Since Michigan has been struggling and higher education funding is being cut, Ferris has to make cuts to its budget.
Ferris President David Eisler said, “With the structural deficits in the Michigan budget, it was obvious that significant budget reductions were coming.” He said Ferris has been working on budget reductions since February 2009.
Due to the structural deficits in Michigan’s budget and Gov. Snyder’s proposal to cut higher education funding by 21.9 percent, Ferris has already had to cut exactly $7.3 million from its budget. Eisler said, “By being proactive, we reduced the budget before receiving this bad news from the state.”
He also said, “Doing this over time rather than in a reactive fashion to the state allows us to reduce the budget with the least negative impact.”
Gov. Snyder’s cuts to higher education funding could be responsible for the loss of nearly $10.6 million for Ferris or more than $780 for each student enrolled, said Eisler in his memorandum to faculty and staff.
In order to save money and reduce costs, Ferris works with other colleges and universities as a group and negotiates preferred pricing because of the volume directed to the vendor. Vendors include risk management insurance, health insurance, computers, software, office supplies and other purchases.
Eisler said Ferris uses a cooperative for electric power, securing preferred pricing in advance, and purchasing natural gas and utilities in bulk.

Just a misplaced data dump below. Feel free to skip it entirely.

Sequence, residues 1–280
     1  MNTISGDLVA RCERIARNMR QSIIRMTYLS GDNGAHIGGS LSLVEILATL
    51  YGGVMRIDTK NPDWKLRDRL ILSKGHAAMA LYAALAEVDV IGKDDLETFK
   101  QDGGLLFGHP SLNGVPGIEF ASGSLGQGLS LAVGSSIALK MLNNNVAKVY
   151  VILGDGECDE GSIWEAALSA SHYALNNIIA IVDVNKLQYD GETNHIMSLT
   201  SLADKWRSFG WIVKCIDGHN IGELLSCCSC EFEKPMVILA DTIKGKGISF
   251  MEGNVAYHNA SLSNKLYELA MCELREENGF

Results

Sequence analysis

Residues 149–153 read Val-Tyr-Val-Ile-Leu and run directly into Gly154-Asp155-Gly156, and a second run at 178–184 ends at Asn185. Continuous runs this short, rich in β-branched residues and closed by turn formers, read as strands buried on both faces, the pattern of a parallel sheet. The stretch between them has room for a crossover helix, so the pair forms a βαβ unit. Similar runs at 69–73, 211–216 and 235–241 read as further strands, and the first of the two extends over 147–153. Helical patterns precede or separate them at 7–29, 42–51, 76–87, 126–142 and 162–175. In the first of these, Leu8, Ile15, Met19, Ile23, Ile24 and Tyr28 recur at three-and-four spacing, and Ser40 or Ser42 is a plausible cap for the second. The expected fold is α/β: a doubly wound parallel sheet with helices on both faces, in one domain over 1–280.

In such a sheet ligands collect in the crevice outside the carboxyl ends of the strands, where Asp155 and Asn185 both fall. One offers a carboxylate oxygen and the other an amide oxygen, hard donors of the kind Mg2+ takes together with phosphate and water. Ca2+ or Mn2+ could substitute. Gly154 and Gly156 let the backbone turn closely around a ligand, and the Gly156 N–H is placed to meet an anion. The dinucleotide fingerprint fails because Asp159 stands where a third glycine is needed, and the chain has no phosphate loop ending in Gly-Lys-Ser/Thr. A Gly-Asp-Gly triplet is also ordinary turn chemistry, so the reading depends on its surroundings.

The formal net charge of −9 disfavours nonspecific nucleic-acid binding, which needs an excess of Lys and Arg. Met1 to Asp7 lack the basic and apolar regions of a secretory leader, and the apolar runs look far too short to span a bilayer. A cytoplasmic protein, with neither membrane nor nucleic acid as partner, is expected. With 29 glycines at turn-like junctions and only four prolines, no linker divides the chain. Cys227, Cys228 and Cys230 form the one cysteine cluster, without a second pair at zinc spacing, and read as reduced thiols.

In terms of how these cuts are going to affect Ferris students, Eisler said they have tried to implement these reductions with minimal impact on students.
He said, “Our intent is always to maintain academic quality and provide access to our education.”
Eisler said much of the budget of a university is in personnel costs. He also said, “Over this period we have eliminated 100 positions at the universities. No programs will be cut as a result of this budget reduction from the state.”
“Fewer employees at the university means that there will be some more wait for services and some equipment will not be replaced,” Eisler said.
Gov. Snyder has proposed to reserve a fund of $83 million for universities that hold tuition increases to less than seven percent – if all state universities hold costs below this level, which Ferris has been doing since 2003 – the impact would be a 15 percent reduction in funding with the $7.3 million cut being the largest in Ferris’ history.
To help save costs, Ferris has also decided to sell the Holiday Inn and Conference Center, which it has owned since 1989. Budget issues are one of the many factors for this decision. Ferris’ contract of ownership with the Holiday Inn will expire on June 30.
“We believe at this time we should concentrate on the core academic mission of the university. Selling this property will help facilitate this,” Eisler said.
Eisler said he is committed to minimizing the impact of budget cuts on students and is taking action by cutting costs at Ferris in the most efficient ways possible.
“In my eight years, I have not asked students to pay for budget reductions and we will not do this here,” said Eisler. n